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Aristotle on judges.

I have just completed reading Judicial Activism: A threat to democracy and religion (Toronto, Life Ethics Information Centre).

What a powerful confirmation in our day of what the celebrated philosopher of antiquity had written so many centuries ago!

Aristotle, whom Dante acclaimed "the master of those who know," in the first chapter of his Rhetoric stated what he considered to be the role of judges:

"... the judge must surely refuse to take his instructions from the litigants: he must decide for himself all such points as the lawgiver has not already defined for him.

"Now, it is of great moment that well-drawn laws should themselves define all the points they possibly can and leave as few as may be to the decision of the judges; and this for several reasons.... The weightiest reason of all is that the decision of the lawgiver is not particular but prospective and general, whereas members of the assembly and the jury find it their duty to decide on definite cases brought before them. They will often have allowed themselves to be so much influenced by feelings of friendship or hatred or self-interest that they lose any clear vision of the truth and have their judgment obscured by considerations of personal pleasure or pain.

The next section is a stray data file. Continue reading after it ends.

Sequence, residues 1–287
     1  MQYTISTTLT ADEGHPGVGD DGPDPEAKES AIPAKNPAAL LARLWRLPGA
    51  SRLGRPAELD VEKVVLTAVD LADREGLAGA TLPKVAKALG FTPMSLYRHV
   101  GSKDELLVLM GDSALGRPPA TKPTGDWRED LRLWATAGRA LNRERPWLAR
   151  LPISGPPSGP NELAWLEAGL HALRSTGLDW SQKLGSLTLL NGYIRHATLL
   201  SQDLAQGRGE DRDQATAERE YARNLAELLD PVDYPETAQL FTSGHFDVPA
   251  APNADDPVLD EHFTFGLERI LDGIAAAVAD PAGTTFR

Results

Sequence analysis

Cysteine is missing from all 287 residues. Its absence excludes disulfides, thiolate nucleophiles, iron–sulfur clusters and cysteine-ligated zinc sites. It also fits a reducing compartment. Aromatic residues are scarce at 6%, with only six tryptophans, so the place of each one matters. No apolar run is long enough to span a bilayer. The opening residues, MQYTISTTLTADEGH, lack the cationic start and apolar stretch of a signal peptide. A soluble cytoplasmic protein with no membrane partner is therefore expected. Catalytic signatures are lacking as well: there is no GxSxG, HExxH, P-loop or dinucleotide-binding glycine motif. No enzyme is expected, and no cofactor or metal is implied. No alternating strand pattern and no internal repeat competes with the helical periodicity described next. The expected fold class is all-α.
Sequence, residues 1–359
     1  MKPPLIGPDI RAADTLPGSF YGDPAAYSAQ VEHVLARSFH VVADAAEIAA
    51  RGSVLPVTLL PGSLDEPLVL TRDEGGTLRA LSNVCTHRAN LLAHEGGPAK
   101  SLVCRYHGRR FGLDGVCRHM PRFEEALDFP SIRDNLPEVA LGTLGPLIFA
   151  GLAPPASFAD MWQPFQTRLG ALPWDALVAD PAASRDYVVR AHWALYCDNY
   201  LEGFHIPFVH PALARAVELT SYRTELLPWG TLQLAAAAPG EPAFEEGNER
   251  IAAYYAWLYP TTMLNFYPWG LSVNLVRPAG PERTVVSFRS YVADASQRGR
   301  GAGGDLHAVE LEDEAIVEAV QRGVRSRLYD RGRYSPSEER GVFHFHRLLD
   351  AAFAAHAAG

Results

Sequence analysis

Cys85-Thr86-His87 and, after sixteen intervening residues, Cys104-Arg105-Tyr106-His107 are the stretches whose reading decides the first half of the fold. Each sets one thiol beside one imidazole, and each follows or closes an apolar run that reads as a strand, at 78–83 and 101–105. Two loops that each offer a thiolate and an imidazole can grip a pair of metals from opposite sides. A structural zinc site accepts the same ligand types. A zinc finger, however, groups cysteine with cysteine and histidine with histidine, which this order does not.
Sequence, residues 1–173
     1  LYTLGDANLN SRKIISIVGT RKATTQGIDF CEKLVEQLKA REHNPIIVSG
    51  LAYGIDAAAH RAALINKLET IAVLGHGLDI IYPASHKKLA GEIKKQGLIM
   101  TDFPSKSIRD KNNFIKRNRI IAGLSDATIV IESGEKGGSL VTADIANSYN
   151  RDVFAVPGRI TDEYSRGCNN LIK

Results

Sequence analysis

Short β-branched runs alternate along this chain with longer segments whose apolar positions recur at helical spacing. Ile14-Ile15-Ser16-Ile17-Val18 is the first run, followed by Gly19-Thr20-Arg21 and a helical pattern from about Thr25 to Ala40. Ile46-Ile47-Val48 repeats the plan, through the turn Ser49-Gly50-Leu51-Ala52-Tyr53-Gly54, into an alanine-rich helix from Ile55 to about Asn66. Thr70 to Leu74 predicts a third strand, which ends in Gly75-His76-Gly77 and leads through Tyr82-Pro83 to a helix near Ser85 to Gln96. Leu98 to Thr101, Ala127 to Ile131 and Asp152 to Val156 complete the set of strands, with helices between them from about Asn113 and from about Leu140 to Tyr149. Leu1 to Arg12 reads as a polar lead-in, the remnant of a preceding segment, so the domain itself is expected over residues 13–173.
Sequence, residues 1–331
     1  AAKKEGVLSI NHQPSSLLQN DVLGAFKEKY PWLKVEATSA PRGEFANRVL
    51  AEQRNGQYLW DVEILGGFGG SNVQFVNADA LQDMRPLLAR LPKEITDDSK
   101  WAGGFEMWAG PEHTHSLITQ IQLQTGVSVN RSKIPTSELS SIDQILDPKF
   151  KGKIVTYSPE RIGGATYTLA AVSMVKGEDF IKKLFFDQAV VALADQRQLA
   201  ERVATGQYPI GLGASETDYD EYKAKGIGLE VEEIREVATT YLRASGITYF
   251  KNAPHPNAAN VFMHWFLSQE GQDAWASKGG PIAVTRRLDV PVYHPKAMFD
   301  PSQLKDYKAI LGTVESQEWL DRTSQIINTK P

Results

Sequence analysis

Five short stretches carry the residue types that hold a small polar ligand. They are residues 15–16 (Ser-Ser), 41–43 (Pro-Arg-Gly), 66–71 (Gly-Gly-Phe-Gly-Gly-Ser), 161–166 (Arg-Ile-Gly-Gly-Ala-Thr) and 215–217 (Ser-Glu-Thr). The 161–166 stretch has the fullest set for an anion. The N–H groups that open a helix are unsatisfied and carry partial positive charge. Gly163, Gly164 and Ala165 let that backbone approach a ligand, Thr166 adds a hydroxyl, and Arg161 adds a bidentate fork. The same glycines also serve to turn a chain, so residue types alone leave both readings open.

"In general, then, the judge should, we say, be allowed to decide as few things as possible. But questions as to whether something has happened or has not happened, will be or will not be, is or is not, must of necessity be left to the judge, since the law-giver cannot foresee them."

Aristotle was also of the opinion that it is wrong to prevent a judge by playing on his emotions--"one might as well warp a carpenter's rule before using it."

In Canada, the confusion between the lawgiver and the judge is almost complete. In reading the book, I could not but recall what Aristotle had written and I thought I should pass it on.

St. Peter's Bay, P.E.I.
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Author:MacInnis, Patrick
Publication:Catholic Insight
Article Type:Letter to the editor
Date:Mar 1, 2006
Previous Article:'A subservient laity'.
Next Article:Politicians and communion.

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